Simon Harris bought an average-sized store from a national chain and turned it into a profitable business in just over a year – a great example of how to start up a pharmacy and become successful. His formula was quite simple – recognise the available opportunities, take some calculated risks and reap the rewards.

Simon went into pharmacy because he felt it was a profession that would allow him to “help people” and have a direct impact on their lives. “I also thought it was a profession which would allow me to have my own business one day.”

Since qualifying as a pharmacist from Bath University in the late 90s, Simon did his pre-reg at a large Boots store in Broadmead, where we had some “great experience” as a pharmacist manager.

He decided to take a year out and went around the world with his “now wife” and ended up working as a pharmacist for a pharmacy group Down Under which had a contract with the sports industry, i.e. Australian Open and the Australian Football League.

“It was quite an experience because at the time I knew nothing about Aussie football but I ended up being their pharmacist after a short conversion course.”

Simon returned to England and went back to Boots where he rose through the ranks and ended up working as an area manager for some time. He was working as a regional manager for a small pharmacy chain based in Chester – a valuable experience which helped him understand the regulations that govern the opening and operation of new pharmacies – when his first opportunity to own a pharmacy arrived.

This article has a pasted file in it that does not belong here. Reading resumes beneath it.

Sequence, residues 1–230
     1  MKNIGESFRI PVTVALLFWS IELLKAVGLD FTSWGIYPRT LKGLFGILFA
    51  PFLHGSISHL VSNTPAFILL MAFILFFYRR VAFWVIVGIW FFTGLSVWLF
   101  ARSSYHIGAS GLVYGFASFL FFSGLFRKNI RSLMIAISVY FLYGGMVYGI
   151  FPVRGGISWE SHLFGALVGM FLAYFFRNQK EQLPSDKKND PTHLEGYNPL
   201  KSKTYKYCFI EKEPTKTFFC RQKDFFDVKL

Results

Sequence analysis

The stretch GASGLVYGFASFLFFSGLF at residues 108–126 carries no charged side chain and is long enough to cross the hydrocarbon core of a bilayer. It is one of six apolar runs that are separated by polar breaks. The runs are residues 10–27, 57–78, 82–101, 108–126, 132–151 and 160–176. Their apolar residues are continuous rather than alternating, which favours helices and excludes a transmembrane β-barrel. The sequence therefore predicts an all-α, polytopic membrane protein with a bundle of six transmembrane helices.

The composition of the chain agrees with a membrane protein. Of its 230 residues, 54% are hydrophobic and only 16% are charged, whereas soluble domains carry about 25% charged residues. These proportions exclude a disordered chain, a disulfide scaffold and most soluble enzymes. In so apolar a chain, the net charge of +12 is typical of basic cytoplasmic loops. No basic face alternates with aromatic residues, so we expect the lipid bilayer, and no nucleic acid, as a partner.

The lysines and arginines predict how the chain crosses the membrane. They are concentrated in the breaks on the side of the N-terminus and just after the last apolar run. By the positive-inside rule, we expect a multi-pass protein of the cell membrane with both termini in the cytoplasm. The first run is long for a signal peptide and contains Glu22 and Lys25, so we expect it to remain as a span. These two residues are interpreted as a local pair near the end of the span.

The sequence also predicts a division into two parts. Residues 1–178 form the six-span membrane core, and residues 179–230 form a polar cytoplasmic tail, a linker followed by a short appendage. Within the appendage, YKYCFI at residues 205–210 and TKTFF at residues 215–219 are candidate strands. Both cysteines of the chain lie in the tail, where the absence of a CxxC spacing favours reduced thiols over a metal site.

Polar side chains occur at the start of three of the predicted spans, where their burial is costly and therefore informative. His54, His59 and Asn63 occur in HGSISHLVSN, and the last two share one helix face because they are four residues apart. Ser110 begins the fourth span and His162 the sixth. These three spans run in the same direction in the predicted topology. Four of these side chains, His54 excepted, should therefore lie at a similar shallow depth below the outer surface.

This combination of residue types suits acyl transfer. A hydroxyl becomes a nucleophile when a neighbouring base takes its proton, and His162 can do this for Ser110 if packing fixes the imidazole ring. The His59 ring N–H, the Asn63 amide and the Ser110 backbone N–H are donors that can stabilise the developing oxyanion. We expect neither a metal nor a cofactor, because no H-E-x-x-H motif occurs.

Having bought many pharmacies for his employer, he applied for and won an NHS contract to start his own pharmacy business in Bristol.

Willow Tree Pharmacy, which was associated with a GP surgery, did very well but Simon wanted to expand his business after running it quite successfully for five years. But opportunities were very limited so he put it on the market. Day Lewis purchased it but they asked him to stay on as pharmacy manager.

Looking back, he says he was “fortunate enough” to be recognised for his skills at the group which later promoted him as their lead for professional services development.

“It was really good because that gave me more insight into developing services. I was responsible for training all the pharmacists within the group, especially when Community Pharmacist Consultation Service was launched. I wrote the whole training package for the group and went around the country, training all of their pharmacists.”

That really helped Simon in terms of developing his own skills as a specialist of clinical services, which was crucial when another pharmacy ownership opportunity came up. Funnily enough, it was the same pharmacy he ran 20 years ago as a manager for a small group of independent pharmacies who had sold it to Boots.

“I completed a full circle. I thought there was an opportunity for me to go back into independent ownership and what inspired me to do that was the work I was doing at the time for Day Lewis. I was responsible for setting up one of their COVID-19 clinics in Burnham-On-Sea – right from the start of the application process to going all the way through finding venues, sorting out the team, staff and logistics and doing everything else in between.